The IMSLP Star is awarded you for your wonderful work!
The IMSLP Cleanup Star is hereby awarded to you for your excellent work!
THe Hiram Sibley award is bestowed upon you for your uploads from Sibley itself!
Thanks to every lover of music who contributes here.
Biography below this indulgence. (Inserted February 2014)
Also, I know no one reads this page, but fellow editors, countrymen... erm, editors. please, please, please please don't put in the date of composition on your workpages when all you actually know is the date of publication. you may not read this, but I can _assure_ you that someone is going to read your workpage and be thoroughly misled, and think that you have information and evidence that you don't. as writing teachers say: stick to what you know.
Using the Hofmeister database. Tutorial 1.
the Hofmeisters Monatsberichte is a journal published by the publisher Friedrich Hofmeister between about 1829 and 1947, the last of those years somewhat irregularly, and containing information about recent music publications - scores, journals, for instance- and their publishers and prices (not at all just Hofmeister's but many others'.) Now it is very useful as a way of determining approximately when something was first published. there are scans of every issue (just about?) from 1829 to 1947 at the Austrian National Library, here. moreover, a research project at a British university (I think) maintains a searchable collection of transcriptions made from some of those scans- those from 1829 to 1900 - at Hofmeister-at-Rhul.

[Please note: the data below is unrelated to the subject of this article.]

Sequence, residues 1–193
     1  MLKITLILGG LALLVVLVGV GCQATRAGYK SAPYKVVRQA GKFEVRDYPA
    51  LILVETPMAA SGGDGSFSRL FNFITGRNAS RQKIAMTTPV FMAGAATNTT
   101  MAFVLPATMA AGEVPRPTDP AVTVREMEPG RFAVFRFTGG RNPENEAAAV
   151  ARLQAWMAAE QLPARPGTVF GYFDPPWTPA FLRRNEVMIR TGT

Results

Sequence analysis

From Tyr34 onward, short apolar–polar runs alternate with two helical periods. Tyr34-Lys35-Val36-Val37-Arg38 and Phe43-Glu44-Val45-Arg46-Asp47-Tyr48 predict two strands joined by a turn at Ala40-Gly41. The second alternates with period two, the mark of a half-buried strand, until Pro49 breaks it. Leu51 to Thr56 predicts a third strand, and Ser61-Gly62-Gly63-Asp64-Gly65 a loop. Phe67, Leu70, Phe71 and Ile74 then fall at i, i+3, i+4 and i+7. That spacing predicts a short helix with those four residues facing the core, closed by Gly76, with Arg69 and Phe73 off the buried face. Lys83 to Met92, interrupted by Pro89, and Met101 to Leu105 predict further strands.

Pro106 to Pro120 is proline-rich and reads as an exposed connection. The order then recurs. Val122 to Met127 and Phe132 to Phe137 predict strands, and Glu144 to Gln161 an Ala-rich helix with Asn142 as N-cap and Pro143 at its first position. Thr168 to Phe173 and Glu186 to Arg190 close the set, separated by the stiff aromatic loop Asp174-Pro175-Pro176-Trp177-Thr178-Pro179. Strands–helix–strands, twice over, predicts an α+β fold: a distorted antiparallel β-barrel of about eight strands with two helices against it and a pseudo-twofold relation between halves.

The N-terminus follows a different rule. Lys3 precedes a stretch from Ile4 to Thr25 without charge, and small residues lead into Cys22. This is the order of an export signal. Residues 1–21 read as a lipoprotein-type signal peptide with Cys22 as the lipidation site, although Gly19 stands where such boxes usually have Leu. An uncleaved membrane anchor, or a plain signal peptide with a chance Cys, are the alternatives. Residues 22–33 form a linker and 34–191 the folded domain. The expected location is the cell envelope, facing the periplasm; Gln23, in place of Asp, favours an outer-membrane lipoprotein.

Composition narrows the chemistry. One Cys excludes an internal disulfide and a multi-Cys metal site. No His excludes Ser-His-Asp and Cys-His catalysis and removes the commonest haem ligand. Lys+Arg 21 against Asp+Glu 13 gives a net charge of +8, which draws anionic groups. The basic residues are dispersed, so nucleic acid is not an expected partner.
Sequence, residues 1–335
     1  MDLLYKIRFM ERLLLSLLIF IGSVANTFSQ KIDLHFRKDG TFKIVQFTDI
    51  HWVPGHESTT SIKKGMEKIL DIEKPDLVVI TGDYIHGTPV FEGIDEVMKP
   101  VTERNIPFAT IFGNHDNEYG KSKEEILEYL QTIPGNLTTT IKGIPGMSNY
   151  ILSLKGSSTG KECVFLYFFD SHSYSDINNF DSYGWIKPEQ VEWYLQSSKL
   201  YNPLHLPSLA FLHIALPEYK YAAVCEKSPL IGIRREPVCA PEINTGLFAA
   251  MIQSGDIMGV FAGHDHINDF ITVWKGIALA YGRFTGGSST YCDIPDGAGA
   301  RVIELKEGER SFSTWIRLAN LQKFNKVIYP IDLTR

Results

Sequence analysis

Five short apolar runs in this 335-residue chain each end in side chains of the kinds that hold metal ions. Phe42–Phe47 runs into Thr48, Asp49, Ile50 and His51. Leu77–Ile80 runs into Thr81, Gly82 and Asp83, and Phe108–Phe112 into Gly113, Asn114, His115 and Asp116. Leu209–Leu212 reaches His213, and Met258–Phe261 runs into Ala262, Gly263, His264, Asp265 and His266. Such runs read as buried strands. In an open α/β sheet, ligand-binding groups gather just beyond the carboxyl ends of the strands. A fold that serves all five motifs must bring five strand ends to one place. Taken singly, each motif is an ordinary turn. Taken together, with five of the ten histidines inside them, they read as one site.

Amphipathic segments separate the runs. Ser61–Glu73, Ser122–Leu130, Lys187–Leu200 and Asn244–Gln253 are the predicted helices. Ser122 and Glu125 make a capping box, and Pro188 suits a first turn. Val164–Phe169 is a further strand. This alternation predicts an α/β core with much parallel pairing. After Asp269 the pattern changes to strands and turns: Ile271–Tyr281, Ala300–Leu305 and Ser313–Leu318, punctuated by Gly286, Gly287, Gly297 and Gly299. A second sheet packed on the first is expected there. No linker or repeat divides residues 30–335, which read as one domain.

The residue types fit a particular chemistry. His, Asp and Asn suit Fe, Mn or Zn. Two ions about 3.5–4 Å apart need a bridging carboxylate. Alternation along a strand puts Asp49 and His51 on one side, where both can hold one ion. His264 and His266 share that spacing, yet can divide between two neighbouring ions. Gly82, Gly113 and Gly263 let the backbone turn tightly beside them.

However. that breathless bit was the basics (I'm by now so used to using those, as tools here, since it's very helpful for any number of reasons to know when something was published. For copyright reasons say. If something was first published before 1923 that has certain consequences for US copyright law, e.g.)
Anyhow. however. the point is. If you make a search at "Hofmeister-at-Rhul" and what you're looking for doesn't immediately turn up, it's a very good idea to learn a few additional tools and tricks before going and writing "niet in Hofmeister" (referring to a certain entry in a certain library database that has me rolling my eyes right now...) Click on the "transcript" or "facsimile" links of a few entries because the search engine only picks up your search word if it's actually on the line - and if e.g. Hofmeisters Monatsberichte in that month (Monats-berichte...) picked up several works by that composer in that category (it usually divides up the month into genres, e.g. works for orchestra, works for salon-orchestra, ...) - then it will list them in individual lines, with the name of the composer only on the first line- and RHUL's search engine will only pick up the first one. you'll have to go to their transcription or the ONB scan to see all the rest of the works, if you're searching by composer... anyhow, that's one, badly-phrased, run-on tutorial which will be improved in due course ;) E.
Written back in January and earlier and later
RIP Milton Babbitt, who died today (1/29/11) - a good man and excellent composer.
I do have a Wikipedia page with some more information about me and projects I'm pursuing at that site. This page will be expanded; this stub was written of a Monday morn so that a redlink would not be a wholly lonely (or even extant) thing.
Edit: I also hope to be helpful, though not in a way that requires people to then undo my work overmuch I hope..., in minor maintenance (e.g. adding categories if I see they are missing, that sort of thing. I do that very often on Wikipedia, along with simple interlanguage wikilinks... habit of mine!)